Discussion: Despite the small number and special selection of DPs, the results of the exploratory survey study suggest that a basic knowledge of IC is present in all groups of DPs. The DPs surveyed were more likely to consider the selfperceived efficacy of IC devices than patient preferences or evidence-based recommendations, regardless of their level of certification.
Conclusion: The results suggest that there is a need for more intensive coaching of DPs regarding evidence-based and patient-specific instruction on IC at home.
Keywords: dental hygienist, dental professional, instruction, interdental cleaning at home
Open Access Online OnlyOriginal ArticlesDOI: 10.53180/dzz-int.2022.0024Pages 204-211, Language: English
Introduction: To this day, the name Eugen Fröhlich stands for successful work in science and professional politics. But what was his influence on the development of dentistry and what was his relationship to National Socialism? These are precisely the questions that this article explores.
Material and methods: The study is based, among others, on primary documents of the State Archives Baden-Württemberg as well as the University Archives and the University Library of Tübingen. In addition, sources from the Federal Archives in Berlin were evaluated. Furthermore, a comprehensive analysis of publications by and about Fröhlich was carried out.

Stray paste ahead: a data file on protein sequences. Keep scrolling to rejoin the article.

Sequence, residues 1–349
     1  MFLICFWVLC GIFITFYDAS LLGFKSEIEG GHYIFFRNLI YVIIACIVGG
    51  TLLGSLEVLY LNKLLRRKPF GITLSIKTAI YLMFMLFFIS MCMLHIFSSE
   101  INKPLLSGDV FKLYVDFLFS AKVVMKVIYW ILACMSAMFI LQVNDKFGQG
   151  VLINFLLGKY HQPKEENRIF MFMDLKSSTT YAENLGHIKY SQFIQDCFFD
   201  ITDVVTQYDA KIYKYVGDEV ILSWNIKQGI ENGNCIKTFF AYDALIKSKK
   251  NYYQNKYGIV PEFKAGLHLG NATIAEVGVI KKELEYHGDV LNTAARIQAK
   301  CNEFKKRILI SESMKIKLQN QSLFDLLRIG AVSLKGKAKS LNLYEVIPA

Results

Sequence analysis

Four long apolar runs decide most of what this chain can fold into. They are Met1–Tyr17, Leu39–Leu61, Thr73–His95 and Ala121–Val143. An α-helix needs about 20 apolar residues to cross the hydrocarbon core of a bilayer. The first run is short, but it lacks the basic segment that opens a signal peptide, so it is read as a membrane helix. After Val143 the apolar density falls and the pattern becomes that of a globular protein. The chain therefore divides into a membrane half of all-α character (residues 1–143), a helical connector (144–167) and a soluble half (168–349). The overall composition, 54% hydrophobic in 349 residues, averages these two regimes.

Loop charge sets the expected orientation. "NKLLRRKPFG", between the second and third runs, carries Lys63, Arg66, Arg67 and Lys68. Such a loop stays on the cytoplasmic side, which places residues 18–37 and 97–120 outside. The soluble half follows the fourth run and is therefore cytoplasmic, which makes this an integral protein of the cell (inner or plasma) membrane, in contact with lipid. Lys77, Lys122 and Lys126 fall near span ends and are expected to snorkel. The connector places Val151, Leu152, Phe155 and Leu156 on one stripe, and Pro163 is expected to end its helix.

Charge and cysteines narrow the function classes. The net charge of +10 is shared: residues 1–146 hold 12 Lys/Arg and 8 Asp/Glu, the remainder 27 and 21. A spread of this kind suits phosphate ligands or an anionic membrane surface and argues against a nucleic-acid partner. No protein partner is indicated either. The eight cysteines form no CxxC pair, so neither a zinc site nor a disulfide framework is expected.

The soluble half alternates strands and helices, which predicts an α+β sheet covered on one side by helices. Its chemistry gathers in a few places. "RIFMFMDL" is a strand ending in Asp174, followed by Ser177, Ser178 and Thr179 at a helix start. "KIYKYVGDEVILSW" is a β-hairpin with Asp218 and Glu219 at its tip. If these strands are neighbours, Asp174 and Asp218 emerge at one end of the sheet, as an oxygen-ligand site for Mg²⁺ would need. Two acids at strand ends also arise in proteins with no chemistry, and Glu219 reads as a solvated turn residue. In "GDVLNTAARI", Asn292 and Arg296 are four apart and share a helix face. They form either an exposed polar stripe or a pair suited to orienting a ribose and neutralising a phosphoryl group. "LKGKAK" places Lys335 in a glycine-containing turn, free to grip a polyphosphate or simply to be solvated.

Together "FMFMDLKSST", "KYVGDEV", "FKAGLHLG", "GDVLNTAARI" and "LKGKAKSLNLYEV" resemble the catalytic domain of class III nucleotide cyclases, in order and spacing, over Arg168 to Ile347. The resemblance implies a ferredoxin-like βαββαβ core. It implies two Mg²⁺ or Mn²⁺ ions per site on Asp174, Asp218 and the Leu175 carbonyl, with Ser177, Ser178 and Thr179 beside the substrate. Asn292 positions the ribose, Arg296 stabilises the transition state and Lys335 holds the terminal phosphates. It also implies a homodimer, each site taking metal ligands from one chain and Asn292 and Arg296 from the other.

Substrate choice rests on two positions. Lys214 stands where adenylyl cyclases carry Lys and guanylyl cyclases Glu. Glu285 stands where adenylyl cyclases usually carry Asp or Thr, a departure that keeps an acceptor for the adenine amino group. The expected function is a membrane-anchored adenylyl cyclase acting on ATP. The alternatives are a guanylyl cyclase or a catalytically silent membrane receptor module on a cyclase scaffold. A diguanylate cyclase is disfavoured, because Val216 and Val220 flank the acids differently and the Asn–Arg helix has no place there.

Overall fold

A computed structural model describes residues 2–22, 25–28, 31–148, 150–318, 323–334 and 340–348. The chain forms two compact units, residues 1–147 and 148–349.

Results: Fröhlich left clear traces on the institutional, professional-political and scientific level: In Tübingen he had a decisive influence on the new clinic building completed in 1968 and the reorganisation of the clinic structures, and in Ulm, he initiated the establishment of today’s University Dental Clinic. He was active in professional politics as chairman of the ARPA (Working Group on Periodontology), the “Zahnärztliche Dozentenvereinigung“ (Association of Lecturers in Dentistry) and the “Deutsche Gesellschaft für Zahn-, Mund- und Kieferheilkunde” (German Society for Dental and Oral Medicine, DGZMK), and he made scientific contributions to oral surgery, prosthodontics and periodontology. In the Third Reich Fröhlich was a member of the NSDAP (National Socialist German Workers’ Party) and the SA (Storm Department), among others. Discussion and
conclusion: Fröhlich is to be regarded as an important promoter of the institutional development of university dentistry: He initiated the new clinic building in Tübingen and prompted the establishment of several independent chairs in dentistry, thus becoming a model for other locations. Through his visible work in ARPA, he also brought the subject of periodontology into focus, and with the introduction of the term “dysgnathia” he set himself a professional monument. Fröhlich’s political role in the Third Reich was that of a follower. After 1945, however, he tried to construct a distance to National Socialism by means of half-truths and whitewashing.
Keywords: ARPA, DGZMK, dysgnathia, National Socialism, Tübingen
Open Access Online OnlyOriginal ArticlesDOI: 10.53180/dzz-int.2022.0025Pages 212-219, Language: English
Introduction: For many dentists, the name Rudolf Naujoks stands for topclass basic research and professional-political commitment. The present article takes this positive but general image as an opportunity to highlight Naujoks’ concrete influence on the development of dentistry; a further focus is on his relationship to National Socialism.
Material and methods: The methodological basis of the study are files from the Hamburg State Archive. In addition, research was conducted at the Berlin Federal Archives. The scientific publications of Naujoks and the secondary literature available on his person were evaluated as further sources.